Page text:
In this sympathetic biography, Brian Shellum examines the heretofore understudied life of Colonel Charles Young, a U.S. military officer who achieved the highest rank of any commissioned African American soldier prior to 1920. A West Point graduate originally from Kentucky, Young rose steadily through the ranks of the regular army, serving principally with the Tenth Cavalry, a black unit colloquially known as "Buffalo Soldiers." Through three decades of military service, Young saw action during the Philippine insurrection, served as military attaché in Haiti and Liberia, supervised and patrolled national parks and Indian reservations, and performed garrison duty in [End Page 296] the American West. The varied nature of Young's assignments had much to do with both his own ambitions and the aversion of the Department of War to deploying him in circumstances in which he might have command over white soldiers. This official adherence to the color line is an enduring theme of Shellum's book that presented both unique opportunities and stark limitations for Young's otherwise distinguished career of military service.
Black commissioned officers were quite a rare presence in the U.S. armed forces of the early twentieth century. Those who were fortunate enough to achieve such positions were models of tenacity in the face of discouraging odds. Young was only the third black graduate of the U.S. Military Academy at West Point, a pedigree that placed him in what his friend, W. E. B. Du Bois, would deem the "Talented Tenth." Insofar as the U.S. Army was steeped in the racial attitudes of the day, Young was shuffled between deployments that would not result in his commanding white troops. Shellum persuasively demonstrates how the War Department played a racially duplicitous game with Young's career over a period of three decades, recognizing his competence with promotions and accolades while containing his talents and potential in the few spheres it considered appropriate "for a black officer in a white man's army" (p. 7). For his part, Young played his role in this game with little public complaint, reserving expressions of disappointment for private correspondence with friends and acquaintances such as Du Bois, Booker T. Washington, Paul Lawrence Dunbar, and his wife, Ada Young.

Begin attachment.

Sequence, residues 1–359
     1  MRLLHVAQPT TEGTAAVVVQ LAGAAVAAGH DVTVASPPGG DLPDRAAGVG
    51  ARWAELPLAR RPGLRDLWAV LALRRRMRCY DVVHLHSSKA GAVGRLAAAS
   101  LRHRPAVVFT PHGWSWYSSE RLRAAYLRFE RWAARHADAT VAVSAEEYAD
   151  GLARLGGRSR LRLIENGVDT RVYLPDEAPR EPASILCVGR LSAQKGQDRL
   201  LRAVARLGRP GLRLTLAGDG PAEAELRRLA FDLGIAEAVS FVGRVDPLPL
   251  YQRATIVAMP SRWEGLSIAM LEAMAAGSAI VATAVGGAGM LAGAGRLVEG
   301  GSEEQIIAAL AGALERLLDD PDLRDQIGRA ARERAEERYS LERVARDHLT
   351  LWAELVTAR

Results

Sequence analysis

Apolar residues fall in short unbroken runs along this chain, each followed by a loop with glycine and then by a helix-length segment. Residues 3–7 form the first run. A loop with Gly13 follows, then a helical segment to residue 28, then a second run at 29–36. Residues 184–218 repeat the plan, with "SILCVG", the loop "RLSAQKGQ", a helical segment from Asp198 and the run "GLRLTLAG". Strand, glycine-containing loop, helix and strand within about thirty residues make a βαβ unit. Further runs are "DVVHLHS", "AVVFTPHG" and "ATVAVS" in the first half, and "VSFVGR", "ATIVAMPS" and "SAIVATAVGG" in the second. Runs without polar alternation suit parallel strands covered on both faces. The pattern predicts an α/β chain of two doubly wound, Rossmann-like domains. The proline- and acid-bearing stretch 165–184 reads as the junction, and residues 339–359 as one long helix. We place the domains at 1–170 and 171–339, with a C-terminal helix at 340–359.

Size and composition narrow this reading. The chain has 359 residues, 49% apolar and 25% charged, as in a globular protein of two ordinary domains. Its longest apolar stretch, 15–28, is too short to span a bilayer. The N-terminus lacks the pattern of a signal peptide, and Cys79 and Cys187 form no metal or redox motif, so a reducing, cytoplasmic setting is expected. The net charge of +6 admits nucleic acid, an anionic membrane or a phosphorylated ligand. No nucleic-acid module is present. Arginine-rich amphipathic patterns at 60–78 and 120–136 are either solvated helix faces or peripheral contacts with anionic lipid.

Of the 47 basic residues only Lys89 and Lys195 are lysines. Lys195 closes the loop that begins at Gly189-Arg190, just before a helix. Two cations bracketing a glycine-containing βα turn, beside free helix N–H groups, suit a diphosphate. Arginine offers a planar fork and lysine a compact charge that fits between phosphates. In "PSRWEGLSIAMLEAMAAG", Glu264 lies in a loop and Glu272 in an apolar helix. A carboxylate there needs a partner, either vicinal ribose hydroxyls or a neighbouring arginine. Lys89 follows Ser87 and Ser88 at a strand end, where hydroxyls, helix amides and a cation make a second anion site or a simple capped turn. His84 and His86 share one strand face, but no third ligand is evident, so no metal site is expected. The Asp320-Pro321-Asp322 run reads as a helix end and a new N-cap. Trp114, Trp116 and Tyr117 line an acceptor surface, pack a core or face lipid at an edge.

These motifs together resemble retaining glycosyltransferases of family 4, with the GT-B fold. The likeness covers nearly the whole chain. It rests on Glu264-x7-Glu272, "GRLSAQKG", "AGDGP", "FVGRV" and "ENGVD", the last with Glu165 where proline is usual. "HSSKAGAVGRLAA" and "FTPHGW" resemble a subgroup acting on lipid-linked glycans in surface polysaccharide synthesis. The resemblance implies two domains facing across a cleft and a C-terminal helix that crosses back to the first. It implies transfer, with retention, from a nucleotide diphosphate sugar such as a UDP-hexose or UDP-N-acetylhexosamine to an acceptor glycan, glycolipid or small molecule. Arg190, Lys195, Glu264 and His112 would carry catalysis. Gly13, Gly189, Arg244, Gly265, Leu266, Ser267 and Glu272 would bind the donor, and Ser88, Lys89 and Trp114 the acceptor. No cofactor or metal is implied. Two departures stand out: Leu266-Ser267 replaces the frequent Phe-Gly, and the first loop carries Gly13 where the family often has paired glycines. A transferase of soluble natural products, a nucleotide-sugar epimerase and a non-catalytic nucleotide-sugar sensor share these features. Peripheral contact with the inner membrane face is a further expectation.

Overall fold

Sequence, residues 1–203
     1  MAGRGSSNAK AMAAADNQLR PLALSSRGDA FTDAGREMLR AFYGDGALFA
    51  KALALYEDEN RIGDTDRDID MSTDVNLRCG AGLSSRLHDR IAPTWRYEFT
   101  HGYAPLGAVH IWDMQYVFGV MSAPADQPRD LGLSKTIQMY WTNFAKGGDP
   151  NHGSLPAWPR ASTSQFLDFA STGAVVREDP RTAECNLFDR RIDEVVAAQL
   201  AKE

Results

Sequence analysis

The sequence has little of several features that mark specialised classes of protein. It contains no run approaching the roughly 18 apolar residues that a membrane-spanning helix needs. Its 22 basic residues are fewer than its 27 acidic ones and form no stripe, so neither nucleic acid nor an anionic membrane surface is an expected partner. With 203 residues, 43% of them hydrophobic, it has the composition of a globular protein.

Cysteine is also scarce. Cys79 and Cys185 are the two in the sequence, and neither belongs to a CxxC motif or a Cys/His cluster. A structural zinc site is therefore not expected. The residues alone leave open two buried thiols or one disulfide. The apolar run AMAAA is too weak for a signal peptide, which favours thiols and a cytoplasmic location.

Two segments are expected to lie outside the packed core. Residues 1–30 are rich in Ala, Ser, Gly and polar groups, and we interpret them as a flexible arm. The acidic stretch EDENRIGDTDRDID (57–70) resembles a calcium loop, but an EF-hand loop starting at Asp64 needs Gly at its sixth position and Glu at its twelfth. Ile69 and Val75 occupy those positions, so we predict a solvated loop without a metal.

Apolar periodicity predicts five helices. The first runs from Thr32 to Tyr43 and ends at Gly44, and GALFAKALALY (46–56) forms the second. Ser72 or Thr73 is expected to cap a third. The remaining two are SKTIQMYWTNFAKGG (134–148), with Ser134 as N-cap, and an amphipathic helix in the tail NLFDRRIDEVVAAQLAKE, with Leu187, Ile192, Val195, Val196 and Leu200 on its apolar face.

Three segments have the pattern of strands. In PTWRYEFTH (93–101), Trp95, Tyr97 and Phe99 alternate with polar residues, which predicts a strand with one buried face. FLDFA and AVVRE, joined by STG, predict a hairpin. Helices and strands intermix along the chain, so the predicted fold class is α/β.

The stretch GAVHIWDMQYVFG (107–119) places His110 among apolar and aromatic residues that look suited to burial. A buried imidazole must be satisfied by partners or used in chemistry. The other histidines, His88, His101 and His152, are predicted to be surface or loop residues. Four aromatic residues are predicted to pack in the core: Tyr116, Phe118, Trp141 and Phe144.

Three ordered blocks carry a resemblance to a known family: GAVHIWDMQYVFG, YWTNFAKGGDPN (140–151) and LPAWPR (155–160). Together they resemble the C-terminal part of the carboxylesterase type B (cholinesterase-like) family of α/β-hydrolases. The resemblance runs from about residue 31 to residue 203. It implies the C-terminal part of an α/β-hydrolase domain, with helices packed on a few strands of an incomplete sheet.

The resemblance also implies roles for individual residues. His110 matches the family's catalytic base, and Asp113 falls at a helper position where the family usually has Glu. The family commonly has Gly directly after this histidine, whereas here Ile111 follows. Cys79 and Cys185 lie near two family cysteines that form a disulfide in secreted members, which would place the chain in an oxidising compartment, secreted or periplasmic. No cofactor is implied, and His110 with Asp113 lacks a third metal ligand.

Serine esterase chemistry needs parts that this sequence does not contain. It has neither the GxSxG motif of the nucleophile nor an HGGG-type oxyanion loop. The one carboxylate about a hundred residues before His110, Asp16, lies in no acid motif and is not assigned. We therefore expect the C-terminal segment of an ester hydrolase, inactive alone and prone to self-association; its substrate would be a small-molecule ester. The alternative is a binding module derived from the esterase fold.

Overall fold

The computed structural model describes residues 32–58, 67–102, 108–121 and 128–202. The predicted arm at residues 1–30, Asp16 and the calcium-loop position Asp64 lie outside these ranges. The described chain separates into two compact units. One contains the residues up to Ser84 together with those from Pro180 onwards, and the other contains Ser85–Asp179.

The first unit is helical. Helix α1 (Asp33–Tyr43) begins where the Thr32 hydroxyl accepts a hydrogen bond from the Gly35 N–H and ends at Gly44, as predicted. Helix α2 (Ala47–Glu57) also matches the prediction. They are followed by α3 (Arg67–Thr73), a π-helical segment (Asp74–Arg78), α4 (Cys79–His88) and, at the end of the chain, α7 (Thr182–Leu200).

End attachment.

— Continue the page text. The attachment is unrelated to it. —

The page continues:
Young's military life was one of both numerous honors and incessant insults, ranging from appointments to professorships and plum diplomatic posts to War Department accommodation of white junior officers who arrogantly protested the prospect of serving under an African American superior. The tension that accompanied his precarious place in the U.S. Army was perhaps best illustrated by his remittances to the antilynching fund of the NAACP in 1916, a year in which he and his black troopers had been instrumental in the pursuit of Pancho Villa's forces in northern Mexico on behalf of [End Page 297] the American government. In Shellum's view, Young was not one to wear his politics on his sleeve, even as African American claims to full citizenship were questioned at every turn. Nonetheless, the author does imply that Young was partial to the activism of Du Bois and a bit cooler on Booker Washington's seeming rapprochement with the Jim Crow normalcy of the day. In any event, Young's correspondence reveals a patient, conscientious man, one accustomed to abiding by the rules and expecting as much of others. Those who served under Young would have known him best, but unfortunately their voices are few in this volume, undoubtedly due to a scarcity of extant sources.
Black Officer in a Buffalo Soldier Regiment is well researched, and the prose is clear, albeit plodding in places. Many readers will appreciate Shellum's respect and admiration of his subject, while others will likely be concerned by his ostensible reluctance to take Young to task for his role in the American imperial project. On this score, Shellum provides no real critique of Young's spying for the War Department during his diplomatic ventures in Haiti and Liberia, even...